2 articles Articles posted in Reflection

My Year Teaching Year 10 MYP Product Design

Students independently working on their products.

Last school year I took on a new professional challenge. The MYP Design department at NIST needed a someone to teach one more class, so I put my hand up to help out. I took 10E Design in the design lab for a year of product design. It was fun to transfer my knowledge and understanding of MYP Design to an older age group in a new field and it was a great opportunity for me to refind my teaching skills in a new setting. I also learned a LOT about all of the tools we have available to the students, from laser cutters to 3D printers, bandsaws to drill presses.

The boys working together to use the laser cutter.

It was also fun to see these students so much more often than I was used to. For 5 years in Munich, I was teaching MYP Design on a rotation basis and before that, I was in Japan where I taught technology classes, but I would only see each class once a week. So seeing 10E every other day helped me to developed some really great relationships for the first time since I was an elementary homeroom teacher.

 

Using the bandsaw to cut some wood.

The students inquired into some really interesting problems, developed some creative solutions, where they designed, built and evaluated some high quality products. They developed a range of skills throughout this process, from specific things like bending acrylic, to transferable learning skills like planning out long term assignments. I was extremely proud of my students, they taught me so much and authentically engaged in the design cycle process so well.

Bending acrylic.

As a learning coach, you see so many roles and positions I would like to pursue further as a future career path and being an product design teacher is definitely one of them, especially after getting a taste last year. I just wish I could clone myself so I could teach all the classes that interest me.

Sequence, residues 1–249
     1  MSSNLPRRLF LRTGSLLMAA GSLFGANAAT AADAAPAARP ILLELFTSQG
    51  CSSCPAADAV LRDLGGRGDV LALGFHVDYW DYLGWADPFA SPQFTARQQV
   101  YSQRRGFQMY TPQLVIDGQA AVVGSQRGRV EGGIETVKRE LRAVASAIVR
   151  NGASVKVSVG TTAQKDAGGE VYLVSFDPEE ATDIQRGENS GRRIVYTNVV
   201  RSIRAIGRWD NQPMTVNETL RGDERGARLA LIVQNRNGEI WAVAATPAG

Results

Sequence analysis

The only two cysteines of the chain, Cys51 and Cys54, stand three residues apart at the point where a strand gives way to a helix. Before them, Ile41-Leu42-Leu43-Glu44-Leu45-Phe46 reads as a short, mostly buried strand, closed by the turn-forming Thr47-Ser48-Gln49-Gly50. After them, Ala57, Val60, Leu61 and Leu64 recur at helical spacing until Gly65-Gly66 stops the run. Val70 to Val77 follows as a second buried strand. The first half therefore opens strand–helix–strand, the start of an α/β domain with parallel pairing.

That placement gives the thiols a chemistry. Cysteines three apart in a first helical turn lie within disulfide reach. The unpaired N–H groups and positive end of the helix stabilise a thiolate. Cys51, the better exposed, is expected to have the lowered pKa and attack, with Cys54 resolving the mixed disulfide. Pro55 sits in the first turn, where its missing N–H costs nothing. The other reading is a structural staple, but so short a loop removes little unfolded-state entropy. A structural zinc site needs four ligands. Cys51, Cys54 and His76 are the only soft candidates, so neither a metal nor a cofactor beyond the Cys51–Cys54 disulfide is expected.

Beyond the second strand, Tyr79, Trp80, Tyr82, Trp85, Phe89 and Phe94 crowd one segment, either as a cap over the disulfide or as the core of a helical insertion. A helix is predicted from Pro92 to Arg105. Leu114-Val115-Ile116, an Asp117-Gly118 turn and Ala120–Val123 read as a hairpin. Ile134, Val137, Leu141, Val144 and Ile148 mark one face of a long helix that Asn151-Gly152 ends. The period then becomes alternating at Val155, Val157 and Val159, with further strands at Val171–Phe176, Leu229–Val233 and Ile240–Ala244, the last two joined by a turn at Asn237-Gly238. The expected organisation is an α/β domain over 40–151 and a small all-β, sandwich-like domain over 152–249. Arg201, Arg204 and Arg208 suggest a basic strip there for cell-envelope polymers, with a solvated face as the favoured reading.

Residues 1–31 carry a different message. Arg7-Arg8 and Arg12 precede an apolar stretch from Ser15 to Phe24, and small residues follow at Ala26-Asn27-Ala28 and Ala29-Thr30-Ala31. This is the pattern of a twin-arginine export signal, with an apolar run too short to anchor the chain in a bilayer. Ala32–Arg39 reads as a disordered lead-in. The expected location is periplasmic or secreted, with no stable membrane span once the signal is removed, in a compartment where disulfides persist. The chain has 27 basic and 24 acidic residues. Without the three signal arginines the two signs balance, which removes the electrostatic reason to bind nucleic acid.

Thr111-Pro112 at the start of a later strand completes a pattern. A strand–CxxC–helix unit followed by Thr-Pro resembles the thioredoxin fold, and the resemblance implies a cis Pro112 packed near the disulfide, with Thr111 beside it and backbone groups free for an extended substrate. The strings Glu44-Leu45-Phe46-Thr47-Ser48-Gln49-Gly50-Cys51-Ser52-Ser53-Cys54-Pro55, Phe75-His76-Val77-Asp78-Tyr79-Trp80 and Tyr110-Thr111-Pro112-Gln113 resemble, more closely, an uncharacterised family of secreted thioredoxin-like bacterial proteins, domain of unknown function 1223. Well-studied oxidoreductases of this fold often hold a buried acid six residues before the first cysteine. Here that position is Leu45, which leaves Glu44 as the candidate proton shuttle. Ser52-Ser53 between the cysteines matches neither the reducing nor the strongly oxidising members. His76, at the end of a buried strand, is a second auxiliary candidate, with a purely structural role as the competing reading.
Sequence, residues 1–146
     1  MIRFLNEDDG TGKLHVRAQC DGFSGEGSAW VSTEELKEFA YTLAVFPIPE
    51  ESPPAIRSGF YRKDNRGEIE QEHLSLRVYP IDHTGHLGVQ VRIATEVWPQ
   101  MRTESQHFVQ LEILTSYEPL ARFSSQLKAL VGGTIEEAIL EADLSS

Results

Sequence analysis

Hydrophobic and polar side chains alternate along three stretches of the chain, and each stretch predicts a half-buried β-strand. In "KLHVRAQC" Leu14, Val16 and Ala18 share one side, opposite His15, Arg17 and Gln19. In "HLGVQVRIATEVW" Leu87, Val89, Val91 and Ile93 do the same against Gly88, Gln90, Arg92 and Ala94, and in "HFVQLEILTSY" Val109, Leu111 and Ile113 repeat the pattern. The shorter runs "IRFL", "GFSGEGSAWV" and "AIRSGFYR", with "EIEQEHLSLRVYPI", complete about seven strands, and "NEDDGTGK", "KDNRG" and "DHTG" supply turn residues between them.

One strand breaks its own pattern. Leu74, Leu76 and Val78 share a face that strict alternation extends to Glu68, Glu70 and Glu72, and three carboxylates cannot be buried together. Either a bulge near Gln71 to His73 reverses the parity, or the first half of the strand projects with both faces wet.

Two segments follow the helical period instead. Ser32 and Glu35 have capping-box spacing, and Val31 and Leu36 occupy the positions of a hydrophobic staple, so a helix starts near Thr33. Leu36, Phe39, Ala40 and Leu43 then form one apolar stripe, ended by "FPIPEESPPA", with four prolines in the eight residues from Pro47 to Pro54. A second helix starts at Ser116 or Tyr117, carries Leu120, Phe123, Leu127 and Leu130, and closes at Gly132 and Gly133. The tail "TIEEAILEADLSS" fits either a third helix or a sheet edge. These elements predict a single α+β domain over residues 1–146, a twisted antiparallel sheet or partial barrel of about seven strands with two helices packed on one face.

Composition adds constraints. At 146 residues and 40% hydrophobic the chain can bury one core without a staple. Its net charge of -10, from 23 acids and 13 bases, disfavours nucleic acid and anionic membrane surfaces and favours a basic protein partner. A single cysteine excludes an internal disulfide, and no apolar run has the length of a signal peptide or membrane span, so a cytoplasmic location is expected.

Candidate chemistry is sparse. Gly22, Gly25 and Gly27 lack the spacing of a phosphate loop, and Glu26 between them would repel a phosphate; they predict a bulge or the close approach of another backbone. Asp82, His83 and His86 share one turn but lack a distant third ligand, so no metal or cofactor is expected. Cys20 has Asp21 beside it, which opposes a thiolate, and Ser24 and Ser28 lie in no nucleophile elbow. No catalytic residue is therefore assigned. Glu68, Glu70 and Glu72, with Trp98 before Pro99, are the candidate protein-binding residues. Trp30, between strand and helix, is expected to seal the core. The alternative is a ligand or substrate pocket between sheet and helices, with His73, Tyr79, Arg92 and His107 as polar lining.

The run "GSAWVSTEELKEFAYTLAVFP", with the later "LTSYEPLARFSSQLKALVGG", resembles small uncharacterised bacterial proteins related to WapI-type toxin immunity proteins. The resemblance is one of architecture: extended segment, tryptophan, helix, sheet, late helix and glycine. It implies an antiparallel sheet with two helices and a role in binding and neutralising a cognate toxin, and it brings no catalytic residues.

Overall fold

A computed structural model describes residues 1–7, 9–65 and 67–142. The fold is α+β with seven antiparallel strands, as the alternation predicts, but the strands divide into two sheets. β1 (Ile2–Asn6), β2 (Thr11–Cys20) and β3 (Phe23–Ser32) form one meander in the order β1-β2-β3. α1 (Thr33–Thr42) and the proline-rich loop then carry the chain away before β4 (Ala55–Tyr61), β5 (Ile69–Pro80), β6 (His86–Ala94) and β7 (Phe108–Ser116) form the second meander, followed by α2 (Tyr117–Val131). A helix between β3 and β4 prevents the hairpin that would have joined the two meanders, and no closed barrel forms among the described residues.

The girls working together to create wood joins.

Swift Playgrounds VS Duolingo: The Different Between Game Based Learning & Gaming

A super powerful game I’ve played and had some students play is called Swift Playgrounds. It is an iPad app that walks the user through learning how to program using Apple’s Swift coding language. It’s super engaging and fun, but also highly educational. You become engaged in the game of it all, without realising you are learning how to code! It walks you through levels by progressively building skills over time. There are a lot of similar games like this that teach coding and computational thinking, but I think Swift Playgrounds is the most polished, engaging and powerful of all of them. When you finish the game you have enough skills to build your own app from the ground up, which also adds to the motivation factor. The only downside that I see is that this learning experience is only possible on iPads (and new ones at that). If it were available on more platforms, then I think it would be extremely popular.

Duolingo on the other hand is an app that tries to teach you a new language through a game based approach. It’s a similar model to Swift Playgrounds, but it doesn’t quite hit the mark as you get lost in the game instead of learning. At first, you are super motivated to play as it makes learning new languages accessible and fun. You fly though the first few levels, the instant feedback grounds it in learning, you receive notification to keep playing if you haven’t played for a while and you get in game encouragement and positive reinforcement. It all sounds and feels like a super powerful way to learn a language. However, after a while I realised that I was simply ‘playing the game’ and getting positive feedback, level ups, etc. but I wasn’t actually learning any new vocabulary. Maybe this is what Moore & Pflugfelder (2010) are referring to when they state that games can be less disengaging for student because of a “the lack of pedagogical direction” (p.250)?

It’s interesting that both apps use a very similar model and approach, but their education benefit can vary so differently. Has anyone else played these games before? I’m curious if you had a similar experience?

 

Moore, K., & Pflugfelder, E. H. (2010). On being bored and lost (in virtuality)Learning, Media and Technology, 35(2), 249–253.